It doesn’t end there.
The PLAI Congress is scheduled on November 20-23, 2018. If Filipino librarians are not affected by the senate’s decision to repeal the Continuing Professional Development Law, expect the attendance to double up from last year’s 900 plus participants. As dictated by tradition, a PLAI assembly usually takes place on November 30 as culminating event.
These celebrations are peppered with contests and competitions in between the days and weeks of stress and excitement. The PLAI, for one, has put together several contests for young people to partake in. This year’s NBW Chair, Darrel Marco, led the NBW committee in organizing an essay contest, a graphic novel contest, a poster making contest and a Readers Theatre contest. These competitions are meant to develop skills in the communication arts, visual arts and the sciences. This year’s theme, Connected Actions, Collective Vision: Libraries Transforming Lives, is the focal point to which the entries in the essay, graphic novel and poster contests are based upon.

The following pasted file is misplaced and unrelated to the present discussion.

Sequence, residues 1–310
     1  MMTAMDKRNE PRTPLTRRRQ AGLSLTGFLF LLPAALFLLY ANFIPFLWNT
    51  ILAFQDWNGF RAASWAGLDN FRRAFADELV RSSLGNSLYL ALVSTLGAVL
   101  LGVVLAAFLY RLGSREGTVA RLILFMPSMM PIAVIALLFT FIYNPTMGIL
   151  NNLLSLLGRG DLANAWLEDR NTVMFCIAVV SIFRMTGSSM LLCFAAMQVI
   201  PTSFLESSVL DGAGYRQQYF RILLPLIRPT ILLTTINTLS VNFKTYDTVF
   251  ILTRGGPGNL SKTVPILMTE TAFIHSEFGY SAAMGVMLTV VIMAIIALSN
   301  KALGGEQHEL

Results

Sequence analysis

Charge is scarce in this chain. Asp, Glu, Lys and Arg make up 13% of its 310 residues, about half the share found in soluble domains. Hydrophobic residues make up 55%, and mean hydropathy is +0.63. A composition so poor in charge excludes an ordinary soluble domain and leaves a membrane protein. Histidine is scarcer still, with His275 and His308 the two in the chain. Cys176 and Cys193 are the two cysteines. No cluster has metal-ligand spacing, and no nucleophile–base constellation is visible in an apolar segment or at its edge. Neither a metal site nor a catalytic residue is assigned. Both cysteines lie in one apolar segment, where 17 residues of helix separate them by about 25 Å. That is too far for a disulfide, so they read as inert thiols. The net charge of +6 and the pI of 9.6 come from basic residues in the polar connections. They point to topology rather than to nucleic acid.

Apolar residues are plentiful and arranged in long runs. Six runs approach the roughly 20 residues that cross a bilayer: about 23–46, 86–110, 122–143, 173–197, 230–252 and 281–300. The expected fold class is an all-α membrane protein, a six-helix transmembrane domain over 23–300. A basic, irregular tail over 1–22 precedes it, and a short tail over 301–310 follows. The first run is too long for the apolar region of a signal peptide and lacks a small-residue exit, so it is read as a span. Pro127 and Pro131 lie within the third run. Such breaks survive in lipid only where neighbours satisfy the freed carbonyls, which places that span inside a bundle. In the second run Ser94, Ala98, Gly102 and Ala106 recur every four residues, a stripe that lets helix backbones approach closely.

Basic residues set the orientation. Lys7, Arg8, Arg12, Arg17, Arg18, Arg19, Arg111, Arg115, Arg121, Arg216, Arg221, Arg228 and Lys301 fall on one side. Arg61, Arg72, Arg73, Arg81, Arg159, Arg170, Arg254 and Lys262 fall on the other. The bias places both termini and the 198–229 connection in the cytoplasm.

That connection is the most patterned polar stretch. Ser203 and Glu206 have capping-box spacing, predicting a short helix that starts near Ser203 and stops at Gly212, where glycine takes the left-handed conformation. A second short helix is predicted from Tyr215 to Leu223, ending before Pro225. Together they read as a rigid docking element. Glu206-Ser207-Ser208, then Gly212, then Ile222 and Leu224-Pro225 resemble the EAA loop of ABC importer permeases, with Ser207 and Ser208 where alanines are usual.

Apparently, I was invited as judge of the essay writing competition. This is my first time to judge in the contest. Having been invited as judge in previous storytelling competitions of the NBW, I know what to expect. I have written in the blog my insights and previous experiences as judge in the NBW contests so, expect that I will do the same for this year. That’s one post I hope you will be waiting for in the next few days because the entries in the essay contests are evidences of the country’s collective thought process, pedagogy and teaching practices in literacy skills development, as well as, the untapped potential of librarians as agent of change, collaboration and community building.
Judges of all three contests, essay, graphic novel and poster making gather for a photo op.
As the judging of the three contests was done simultaneously, we noticed patterns and similarities that bothered and moved us to think of doing more for the book industry and the LIS profession.